Archive for the ‘ntdsutil’ Category


Scenario

I am in the process of migrating a SBS 2011 server to Windows 2012 R2.  It is mostly, but not entirely done, and some essential tasks have been deferred until time permits.  Both of these servers are Hyper-V VM instances.  The host server and both VM servers use iSCSI targets for a number of key disks.  The virtual machines and disks reside on such a volume.

In spite of a dedicated UPS for the host server and the iSCSI device, they both power recycled for some reason late last week.  I always takes the iSCSI much longer to reboot than the host server, and I expect a few minutes of delay until the VMs start.  However, when I checked later, the 2012 R2 server was not restarted but reporting a failure and asking to do a repair.  A few times trying that made no difference.

How I Fixed This

I selected the tools option on the failure start screen and tried starting in safe mode.  No luck, it still failed.  I also tried low video resolution, same problem.  Then to my delight selecting  directory services restore mode allowed a successful boot.  That made me realize that the NTDS database was probably corrupted.  NOTE:  you will have to logon with a local administrator account.  AD does not start and none of the credentials in it are available.

The first thing I tried was to navigate to the database folder, C:\Windows\NTDS.  I copied the folder contents to C:\Windows\NTDS\Save after creating that folder, then from an elevated command prompt, ran ntdsutil and then the following commands

  • files <enter>
  • info <enter>  This will list the files for the database and logs
  • compact to <full path>  You probably want to create a new folder and provide path to it.
  • quit twice to return to the command prompt

Ideally, you will have a new and well formed NTDS.DIT file in that directory, and you should copy it to C:\Windows\NTDS and overwrite the corrupted file.  Don’t worry about losing anything since you have a copy saved.

Now reboot your computer and it should start normally.

WELL MINE DID NOT!

I was so focused on getting my server back that I can only vaguely recall that the compact command did not work, saying there were log files that had not been applied.  Well, it thought that is what compact would do.  Or maybe it did and the server still did not restart properly.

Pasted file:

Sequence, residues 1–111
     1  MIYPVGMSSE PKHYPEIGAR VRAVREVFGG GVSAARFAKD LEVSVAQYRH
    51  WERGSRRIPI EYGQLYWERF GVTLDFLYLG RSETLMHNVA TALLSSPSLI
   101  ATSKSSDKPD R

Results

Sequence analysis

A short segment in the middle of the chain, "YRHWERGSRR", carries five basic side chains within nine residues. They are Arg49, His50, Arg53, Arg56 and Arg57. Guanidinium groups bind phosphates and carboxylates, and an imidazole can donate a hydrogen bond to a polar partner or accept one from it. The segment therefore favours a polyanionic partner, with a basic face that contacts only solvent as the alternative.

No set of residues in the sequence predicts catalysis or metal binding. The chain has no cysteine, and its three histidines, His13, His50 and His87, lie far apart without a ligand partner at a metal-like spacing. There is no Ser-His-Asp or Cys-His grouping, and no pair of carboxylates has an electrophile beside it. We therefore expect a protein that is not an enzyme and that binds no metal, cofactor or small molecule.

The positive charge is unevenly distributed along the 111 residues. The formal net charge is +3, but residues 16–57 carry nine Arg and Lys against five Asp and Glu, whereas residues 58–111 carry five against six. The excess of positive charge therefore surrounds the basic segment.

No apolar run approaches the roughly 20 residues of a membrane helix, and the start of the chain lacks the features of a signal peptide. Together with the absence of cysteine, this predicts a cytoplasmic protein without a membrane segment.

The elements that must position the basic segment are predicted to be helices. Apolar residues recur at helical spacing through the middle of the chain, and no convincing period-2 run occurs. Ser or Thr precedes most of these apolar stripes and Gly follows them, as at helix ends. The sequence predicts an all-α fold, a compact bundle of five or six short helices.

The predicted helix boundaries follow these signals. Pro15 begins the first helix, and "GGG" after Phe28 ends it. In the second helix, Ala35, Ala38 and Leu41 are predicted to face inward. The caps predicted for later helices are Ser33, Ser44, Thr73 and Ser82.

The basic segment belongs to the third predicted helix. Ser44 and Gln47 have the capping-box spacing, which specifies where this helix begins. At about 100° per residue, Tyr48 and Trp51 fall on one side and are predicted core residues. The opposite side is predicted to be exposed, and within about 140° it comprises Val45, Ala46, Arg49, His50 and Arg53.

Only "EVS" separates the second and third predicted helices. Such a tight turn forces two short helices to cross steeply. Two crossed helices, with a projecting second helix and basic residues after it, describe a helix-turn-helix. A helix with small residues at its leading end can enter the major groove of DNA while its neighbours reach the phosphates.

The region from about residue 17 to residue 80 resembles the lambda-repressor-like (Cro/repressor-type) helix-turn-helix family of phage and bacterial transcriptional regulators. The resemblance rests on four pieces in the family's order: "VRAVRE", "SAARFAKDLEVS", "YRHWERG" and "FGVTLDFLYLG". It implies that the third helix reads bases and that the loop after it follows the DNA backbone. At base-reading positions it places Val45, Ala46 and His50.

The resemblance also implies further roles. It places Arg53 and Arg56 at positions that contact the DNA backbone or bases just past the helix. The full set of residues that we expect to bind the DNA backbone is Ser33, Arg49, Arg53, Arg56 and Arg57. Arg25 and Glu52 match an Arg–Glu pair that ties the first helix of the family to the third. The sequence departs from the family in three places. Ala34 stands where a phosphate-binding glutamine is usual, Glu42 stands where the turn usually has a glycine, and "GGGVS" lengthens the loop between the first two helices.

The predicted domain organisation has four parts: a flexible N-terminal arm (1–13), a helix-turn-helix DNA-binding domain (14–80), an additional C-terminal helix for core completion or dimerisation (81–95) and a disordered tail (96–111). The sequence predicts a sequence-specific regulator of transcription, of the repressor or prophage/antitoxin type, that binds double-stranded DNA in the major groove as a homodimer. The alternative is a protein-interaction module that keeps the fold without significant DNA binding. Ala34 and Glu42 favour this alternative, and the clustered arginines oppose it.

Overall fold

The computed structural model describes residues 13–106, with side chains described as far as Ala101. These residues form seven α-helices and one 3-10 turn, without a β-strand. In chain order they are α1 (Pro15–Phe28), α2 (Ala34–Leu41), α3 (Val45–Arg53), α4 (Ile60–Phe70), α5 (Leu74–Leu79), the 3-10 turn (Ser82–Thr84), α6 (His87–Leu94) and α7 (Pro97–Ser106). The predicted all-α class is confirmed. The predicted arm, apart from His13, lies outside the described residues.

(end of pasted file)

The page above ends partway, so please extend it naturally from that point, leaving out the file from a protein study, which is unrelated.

In any case, I switched to using Esenttutl instead of ntdsutil.

Run an elevated command prompt and type

  • esentutl /g c:\windows\ntds\ntds.dit
  • esentutl /r c:\windows\ntds\ntds.dit

The first is an integrity check, and mine predictably failed.  The second is a recovery command, and that, too, failed with a JET database engine error. So I ran the repair option, /P, instead of /R on the command line.  Voila!  It completed successfully and I reboot to a normal windows server.

So What Was That All About?

In general, Windows databases do not update directly but write transaction log files.  Later, these log files are “played back” and make the actual transactions update the database itself. When an unexpected shutdown occurs, as in my case, it is possible that the database does not close properly and has a corrupted element somewhere in it.

Esentutl is also used for Exchange databases if they become corrupted, and it has saved me many times with SBS errors.  While I was hoping the /R recovery function would work, I was not particularly worried about the /P repair option, and it did work.

You might ask yourself, why didn’t I just restore the directory from the last backup?  Remember those tasks not yet done?  Er, server backup was the next item on the to-do list.  Happy to say it has now been done.

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